By Becky Benoit
On a lovely fall day in October, something inexplicable happens in the small town of Chester’s Mill, nestled amongst the brilliant foliage of rural Maine. A mysterious force field materializes around the town’s boundaries, effectively closing off Chester’s Mill from the rest of the world. The US Army’s attempts to breach the barrier are utter failures. Cruise missiles, super-corrosive acid…nothing seems able to penetrate the mysterious Dome, as it comes to be called.
Under the Dome itself, the placid pace of life in Chester’s Mill quickly begins to change. Small-town bully Big Jim Rennie, who has been using his position as town selectman to run an undercover meth lab, quickly seizes upon the opportunity to turn the isolated town into his own personal fiefdom. Set squarely in his sights are the townsfolk he has deemed “troublemakers”, including former Iraqi war veteran Dale “Barbie” Barbara, local newspaper owner Julia Shumway, and the town’s only medico, physician’s assistant Rusty Everett.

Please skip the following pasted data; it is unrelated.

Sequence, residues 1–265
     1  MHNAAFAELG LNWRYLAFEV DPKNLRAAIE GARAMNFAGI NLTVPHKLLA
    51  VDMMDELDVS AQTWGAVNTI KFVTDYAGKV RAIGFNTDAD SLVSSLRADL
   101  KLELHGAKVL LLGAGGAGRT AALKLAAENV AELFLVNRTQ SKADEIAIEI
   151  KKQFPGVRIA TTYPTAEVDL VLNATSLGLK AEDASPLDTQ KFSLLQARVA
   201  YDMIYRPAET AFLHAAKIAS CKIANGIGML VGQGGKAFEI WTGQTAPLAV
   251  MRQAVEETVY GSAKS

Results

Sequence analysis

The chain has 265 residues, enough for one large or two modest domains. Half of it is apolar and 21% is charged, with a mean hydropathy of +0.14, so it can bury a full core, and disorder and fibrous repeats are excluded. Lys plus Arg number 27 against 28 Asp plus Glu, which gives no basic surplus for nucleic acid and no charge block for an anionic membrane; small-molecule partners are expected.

But bigger troubles are in store for the residents of Chester’s Mill. With a limited supply of breathable air inside the Dome, and violence and madness breaking out at every turn, conditions are perfect for a catastrophe which could completely decimate the entire town and every living soul in it.
It’s not surprising that the roots of this tale go all the way back to 1976, when King first conceived the story, along with such horror classics as The Stand, The Tommyknockers and The Shining. Under the Dome boasts a broad cast of characters, a lightning-fast pace (definitely a necessity when a book edges close to the 1000-page mark) and a far-reaching storyline that includes everything from alien experiments to romance to plain old human greed.
For fans of vintage King, this is a must-read this summer – provided you have a strong stomach!